Yankee Grey

May 24, 2000

Matt Basford's favorites:

Country bands: Restless Heart and Alabama

Way to kick back: Make computer graphics using a 3D program with animation capabilities. He designed the group's Web site at

Concert attire: Leather jacket. He says he likes to be dressy on stage, particularly with colored shirts. No cowboy hats, though.

Restaurant: Ruth's Chris Steak House, a chain restaurant that he's dined at in Nashville, Tenn. It offers a great filet mignon, he said.

By MEG H. PARTINGTON / Staff Writer

With influences from Aerosmith, Jerry Lee Lewis, The Eagles and Alabama, Yankee Grey created its own brand of unbridled country music.

cont. from lifestyle

Member Matt Basford said he was a big KISS fan, but in the early 1980s, he turned to country, a genre he used to consider "old-people music."

"You're not as angry as you used to be," Basford said, explaining how his taste moved away from rock.

But growing up doesn't mean slowing down to this group of 30-somethings.

"Radio's been lovin' us," said Basford in a telephone interview from Reno, Nev., where the group was preparing to do a show at a casino with Brad Paisley. The group's "Another Nine Minutes" and "All Things Considered" are getting considerable airplay on country stations.

The band left Nashville, Tenn., on April 26, and reached Reno on May 12 after doing shows all over, including in Colorado, Arizona and California. Its bus will park in Boonsboro for a performance Wednesday, May 31, during The Great Boonsboro Carnival.

Basford, who plays guitar and does background vocals, formed the band in 1986 with drummer Kevin Griffin. Lead singer and acoustic guitarist Tim Hunt and bassist David Buchanan joined the group five years later. Fiddler Joe Caverlee and keyboard player Jerry Hughes came along five years after that.

The band members played in the same club scene in Cincinnati, so they were familiar with each others' styles. Now that they're together on the same stage, there's a definite musical chemistry.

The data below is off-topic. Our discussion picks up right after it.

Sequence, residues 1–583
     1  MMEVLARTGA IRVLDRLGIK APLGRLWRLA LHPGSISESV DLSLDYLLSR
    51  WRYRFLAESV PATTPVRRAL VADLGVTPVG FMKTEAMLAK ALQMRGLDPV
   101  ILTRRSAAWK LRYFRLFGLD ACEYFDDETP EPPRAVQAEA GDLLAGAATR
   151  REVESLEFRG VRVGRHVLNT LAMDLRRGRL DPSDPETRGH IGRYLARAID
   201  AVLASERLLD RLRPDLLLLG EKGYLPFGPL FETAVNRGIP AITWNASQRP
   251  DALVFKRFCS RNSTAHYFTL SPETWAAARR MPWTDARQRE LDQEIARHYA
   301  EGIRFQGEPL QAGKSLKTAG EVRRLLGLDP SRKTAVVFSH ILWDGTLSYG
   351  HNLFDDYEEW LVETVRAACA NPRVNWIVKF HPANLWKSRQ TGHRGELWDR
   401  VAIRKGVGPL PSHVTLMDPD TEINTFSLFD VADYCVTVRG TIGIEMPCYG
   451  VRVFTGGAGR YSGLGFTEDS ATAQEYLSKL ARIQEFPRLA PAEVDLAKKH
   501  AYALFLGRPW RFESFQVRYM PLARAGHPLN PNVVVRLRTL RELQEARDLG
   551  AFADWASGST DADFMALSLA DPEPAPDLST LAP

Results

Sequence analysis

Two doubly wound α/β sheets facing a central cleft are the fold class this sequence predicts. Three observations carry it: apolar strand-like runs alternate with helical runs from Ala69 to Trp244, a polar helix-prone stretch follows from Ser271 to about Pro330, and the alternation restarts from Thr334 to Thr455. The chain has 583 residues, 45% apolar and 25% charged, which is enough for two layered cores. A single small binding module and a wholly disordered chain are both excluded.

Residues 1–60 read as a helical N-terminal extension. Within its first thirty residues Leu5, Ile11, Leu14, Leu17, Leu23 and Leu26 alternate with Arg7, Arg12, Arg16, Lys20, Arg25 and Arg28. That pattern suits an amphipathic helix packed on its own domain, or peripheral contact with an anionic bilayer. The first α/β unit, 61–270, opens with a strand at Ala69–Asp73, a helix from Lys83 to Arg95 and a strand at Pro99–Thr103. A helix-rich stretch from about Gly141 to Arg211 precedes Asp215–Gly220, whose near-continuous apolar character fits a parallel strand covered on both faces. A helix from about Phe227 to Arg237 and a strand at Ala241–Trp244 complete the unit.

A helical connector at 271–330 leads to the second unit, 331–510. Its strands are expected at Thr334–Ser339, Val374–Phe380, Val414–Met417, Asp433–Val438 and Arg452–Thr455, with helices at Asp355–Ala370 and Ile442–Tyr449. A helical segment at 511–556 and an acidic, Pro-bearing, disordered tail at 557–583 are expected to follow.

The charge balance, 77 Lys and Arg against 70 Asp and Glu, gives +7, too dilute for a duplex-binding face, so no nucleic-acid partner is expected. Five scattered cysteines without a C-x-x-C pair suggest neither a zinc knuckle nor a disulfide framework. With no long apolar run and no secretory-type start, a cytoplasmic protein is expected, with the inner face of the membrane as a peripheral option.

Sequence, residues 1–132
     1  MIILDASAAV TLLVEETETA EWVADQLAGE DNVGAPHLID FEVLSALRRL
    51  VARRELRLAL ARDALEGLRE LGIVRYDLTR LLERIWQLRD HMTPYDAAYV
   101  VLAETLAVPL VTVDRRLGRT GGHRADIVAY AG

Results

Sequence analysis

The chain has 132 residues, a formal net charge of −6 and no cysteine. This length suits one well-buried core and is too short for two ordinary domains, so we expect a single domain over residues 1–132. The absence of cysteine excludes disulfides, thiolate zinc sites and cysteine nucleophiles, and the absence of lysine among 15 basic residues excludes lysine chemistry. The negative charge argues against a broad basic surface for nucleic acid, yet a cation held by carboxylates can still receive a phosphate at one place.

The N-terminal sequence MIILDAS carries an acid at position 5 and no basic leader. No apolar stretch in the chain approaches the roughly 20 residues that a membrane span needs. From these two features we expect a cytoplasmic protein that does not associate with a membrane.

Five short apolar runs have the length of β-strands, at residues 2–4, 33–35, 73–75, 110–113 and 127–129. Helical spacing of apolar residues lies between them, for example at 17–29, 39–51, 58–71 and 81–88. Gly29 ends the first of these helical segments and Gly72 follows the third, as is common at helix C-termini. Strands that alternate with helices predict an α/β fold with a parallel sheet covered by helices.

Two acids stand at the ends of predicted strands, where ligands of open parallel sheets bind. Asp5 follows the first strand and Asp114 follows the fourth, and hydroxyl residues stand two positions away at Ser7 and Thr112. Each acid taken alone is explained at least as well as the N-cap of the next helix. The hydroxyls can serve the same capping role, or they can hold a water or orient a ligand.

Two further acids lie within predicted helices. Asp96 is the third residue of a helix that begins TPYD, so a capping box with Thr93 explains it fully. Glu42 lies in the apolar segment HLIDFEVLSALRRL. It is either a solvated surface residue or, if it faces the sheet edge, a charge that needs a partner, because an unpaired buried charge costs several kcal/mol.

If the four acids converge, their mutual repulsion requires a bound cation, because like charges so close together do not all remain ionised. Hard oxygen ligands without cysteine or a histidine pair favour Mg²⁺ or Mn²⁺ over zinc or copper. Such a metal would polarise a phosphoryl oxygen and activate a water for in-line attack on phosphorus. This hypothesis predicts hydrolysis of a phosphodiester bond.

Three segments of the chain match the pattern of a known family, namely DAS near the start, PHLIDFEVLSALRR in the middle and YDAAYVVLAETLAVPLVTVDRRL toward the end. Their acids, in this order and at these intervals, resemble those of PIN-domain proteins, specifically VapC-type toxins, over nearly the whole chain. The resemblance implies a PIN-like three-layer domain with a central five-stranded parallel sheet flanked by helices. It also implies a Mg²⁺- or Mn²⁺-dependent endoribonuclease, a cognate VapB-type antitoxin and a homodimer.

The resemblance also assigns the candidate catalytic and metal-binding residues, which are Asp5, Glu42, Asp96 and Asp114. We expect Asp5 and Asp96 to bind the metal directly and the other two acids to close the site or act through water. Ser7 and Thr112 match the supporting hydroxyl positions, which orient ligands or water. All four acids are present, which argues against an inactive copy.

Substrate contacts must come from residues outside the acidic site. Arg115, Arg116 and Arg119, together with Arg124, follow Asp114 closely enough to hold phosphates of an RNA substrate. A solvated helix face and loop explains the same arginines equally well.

"You can tell that we're a band that's been together a long time," said Basford, 37. The guys can read each others' body language well enough to know when one is about to launch into an incredible solo, a feeling he likened to a basketball player being in "the zone."

While the band's name usually evokes images of the Civil War, Basford said its roots aren't that sophisticated.

He was drinking tea one day. The manufacturer was Yankee Trader Tea. The flavor was Earl Grey. Hence the name Yankee Grey.

It is merely a coincidence that the band is from the north but it plays Southern rock.

A name is catchy, "but music is what talks," Basford said.

Basford calls Yankee Grey a "15-year-old overnight success."

The band members moved to Nashville, Tenn., in 1997, to take a chance at fame.

"It was the hardest time in this band's life," Basford recalled.

After 1 1/2 years in the recording studio, Yankee Grey's debut album, "Untamed," hit record store shelves last year.

While many recordings feature studio musicians, Yankee Grey's release uses music created solely by the band members, not to mention some homegrown songs.

Hunt wrote seven of the 10 songs on the CD. Caverlee and Hunt worked together on "This Time Around," and Caverlee and Hughes wrote "There's Only One."

Last month, the band made its debut at the Grand Ole Opry.

"That was incredible," Basford said of the place that he considers sacred ground.

But there's no time to get comfortable with its current fame if the band wants to have a successful future. The members are preparing to go to the studio to work on demos for the next recording.

"The work never ends," Basford said.

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